(CNN) -- Fifteen years ago this month, Rwanda declared a cease-fire in a genocide that left more than 800,000 dead. In the attacks that started in April 1994, Hutu militias and members of the general population sought out Tutsis and moderate Hutus -- and went on a 100-day killing rampage.
In June of 1994, Rwanda was still in the grip of a 100-day killing rampage.
Civilians and children got incentives to take part in the atrocities, including promises of land belonging to their Tutsi neighbors.
It was one of the most brutal genocides in modern history. Some figures put the number of dead at 1 million, 10 percent of the population of the central African nation. Millions more were raped and disfigured. A whole generation of children lost their parents.
What started the Tutsi and Hutu rivalry
The Tutsi ethnic minority and the Hutu majority had been at odds even before 1994. The rivalry started during colonial times, when the Belgians considered Tutsis the privileged ethnicity, thus giving them better opportunities.
The Hutus were considered inferior, prompting resentment that was passed on through the generations. The first major assault on Tutsis occurred in 1959, killing thousands and prompting more attacks over the years.
The animosity caused the Tutsis to flee to neighboring countries, including Burundi and Uganda. The Hutus took over the government when Rwanda gained its independence from Belgium in 1962, but the resentment remained.
Hours before the genocide
In early April, a plane carrying then-President Juvenal Habyarimana, a Hutu, was shot down near the capital, Kigali. The president, his Burundian counterpart and their aides were killed. A few hours later, Rwanda erupted into chaos.
Some have accused current President Paul Kagame, a Tutsi, of masterminding the killing. Kagame, who led a Tutsi militia group at the time, has denied any ties. He has accused Hutu rebels of instigating the assassinations to incite fury and attacks on Tutsis.
Differences between Hutus and Tutsis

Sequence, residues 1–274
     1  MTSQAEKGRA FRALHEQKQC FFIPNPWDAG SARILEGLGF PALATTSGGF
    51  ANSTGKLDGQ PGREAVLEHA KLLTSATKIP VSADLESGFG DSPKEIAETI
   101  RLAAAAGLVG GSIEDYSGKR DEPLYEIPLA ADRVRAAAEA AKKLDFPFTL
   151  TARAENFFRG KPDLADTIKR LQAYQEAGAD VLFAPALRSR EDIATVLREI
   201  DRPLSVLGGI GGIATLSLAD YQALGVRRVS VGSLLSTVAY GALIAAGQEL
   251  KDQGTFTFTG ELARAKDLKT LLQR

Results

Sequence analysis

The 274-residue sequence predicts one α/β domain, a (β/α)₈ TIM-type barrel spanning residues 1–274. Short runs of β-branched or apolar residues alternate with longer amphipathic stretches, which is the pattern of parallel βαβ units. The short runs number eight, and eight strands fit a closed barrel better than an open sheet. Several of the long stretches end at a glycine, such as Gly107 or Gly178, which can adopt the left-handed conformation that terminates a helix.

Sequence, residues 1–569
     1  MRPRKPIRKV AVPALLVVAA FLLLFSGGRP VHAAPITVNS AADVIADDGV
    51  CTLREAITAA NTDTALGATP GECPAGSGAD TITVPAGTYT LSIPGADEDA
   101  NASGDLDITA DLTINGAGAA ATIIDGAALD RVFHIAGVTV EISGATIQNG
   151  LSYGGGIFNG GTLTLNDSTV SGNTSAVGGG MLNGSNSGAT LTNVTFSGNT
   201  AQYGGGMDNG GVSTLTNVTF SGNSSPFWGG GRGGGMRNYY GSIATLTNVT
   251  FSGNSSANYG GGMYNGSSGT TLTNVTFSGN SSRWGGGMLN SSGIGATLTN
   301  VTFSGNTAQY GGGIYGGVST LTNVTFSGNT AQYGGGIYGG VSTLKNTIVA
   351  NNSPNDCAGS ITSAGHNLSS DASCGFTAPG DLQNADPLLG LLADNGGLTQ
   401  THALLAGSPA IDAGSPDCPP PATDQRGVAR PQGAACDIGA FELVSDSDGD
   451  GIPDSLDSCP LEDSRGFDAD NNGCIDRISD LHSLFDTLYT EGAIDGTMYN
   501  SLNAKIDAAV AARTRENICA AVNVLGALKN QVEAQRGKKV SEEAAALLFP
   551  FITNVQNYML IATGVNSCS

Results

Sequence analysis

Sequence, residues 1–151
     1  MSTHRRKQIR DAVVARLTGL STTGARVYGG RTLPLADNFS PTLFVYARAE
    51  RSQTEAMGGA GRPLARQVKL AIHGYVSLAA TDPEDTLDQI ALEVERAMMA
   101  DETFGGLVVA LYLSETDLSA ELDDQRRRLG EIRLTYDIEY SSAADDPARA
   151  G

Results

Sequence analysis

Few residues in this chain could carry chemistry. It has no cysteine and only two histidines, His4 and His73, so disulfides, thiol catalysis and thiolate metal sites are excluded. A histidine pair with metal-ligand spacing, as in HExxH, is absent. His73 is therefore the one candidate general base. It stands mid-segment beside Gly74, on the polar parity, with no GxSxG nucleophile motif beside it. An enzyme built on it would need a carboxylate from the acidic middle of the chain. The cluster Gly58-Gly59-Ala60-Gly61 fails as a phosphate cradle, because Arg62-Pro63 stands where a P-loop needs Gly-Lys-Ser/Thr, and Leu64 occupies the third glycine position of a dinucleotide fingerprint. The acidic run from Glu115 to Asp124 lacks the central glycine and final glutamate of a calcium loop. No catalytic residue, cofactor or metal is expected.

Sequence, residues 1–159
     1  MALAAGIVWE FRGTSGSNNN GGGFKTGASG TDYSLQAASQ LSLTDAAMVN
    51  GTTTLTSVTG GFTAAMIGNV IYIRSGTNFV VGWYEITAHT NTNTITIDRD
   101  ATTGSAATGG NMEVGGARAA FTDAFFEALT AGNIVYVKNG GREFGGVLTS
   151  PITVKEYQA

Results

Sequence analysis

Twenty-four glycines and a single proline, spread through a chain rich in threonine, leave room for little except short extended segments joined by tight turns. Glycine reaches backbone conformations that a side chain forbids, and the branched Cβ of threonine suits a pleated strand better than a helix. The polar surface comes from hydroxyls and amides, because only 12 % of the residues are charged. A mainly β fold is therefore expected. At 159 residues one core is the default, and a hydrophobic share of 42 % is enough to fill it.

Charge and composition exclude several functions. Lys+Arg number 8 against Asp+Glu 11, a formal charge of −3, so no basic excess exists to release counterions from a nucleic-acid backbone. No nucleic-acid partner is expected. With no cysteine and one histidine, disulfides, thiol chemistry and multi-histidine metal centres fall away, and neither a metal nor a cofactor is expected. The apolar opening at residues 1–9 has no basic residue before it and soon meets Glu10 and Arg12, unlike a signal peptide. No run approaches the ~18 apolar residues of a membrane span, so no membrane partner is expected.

They speak the same language and practice the same customs. However, most Tutsis are considered tall and lanky, which has led to speculation that they have Ethiopian heritage. During the genocide, the bodies of Tutsis were thrown into rivers by the Hutus, who said they were sending them back to Ethiopia.
The aftermath of the genocide
After 100 days of death and destruction, the Tutsi militia led by Kagame defeated the Hutu rebels and took control of the government. Scores of Hutus fled to neighboring Democratic Republic of Congo, where they have been accused of inciting more violence. Rwanda has invaded Congo various times to launch an offensive against Hutus allegedly linked to the genocide.
After the cease-fire, a multiethnic government made up of Hutu President Pasteur Bizimungu and Vice President Kagame came into power. Bizimungu was later accused of ethnic discord and jailed. Kagame became president in 2000.
Trials for genocide suspects
Top officials such as army generals and politicians who allegedly took part in the genocide are tried in the Rwandan justice system and the International Criminal Tribunal, which is based in Tanzania. Civilians who allegedly contributed either directly or indirectly are tried in gacaca courts.
The latter are community courts conducted by a panel of nine civilians in an open field.
The courts allow survivors to point out and confront their attackers. Gacaca means "open grass" in the local language. Human rights organizations say the gacacas fall short on delivering justice.
State of the nation 15 years later
Rwanda is now considered one of Africa's most stable nations. Education, health care, tourism and trade -- which were destroyed in the genocide -- have improved dramatically. Kagame has made big strides against corruption, a major problem in Africa.
However, critics have accused him of being an autocratic leader who has stifled the country's media. Others have said the growth in economy is limited to urban areas and has not trickled into rural areas.
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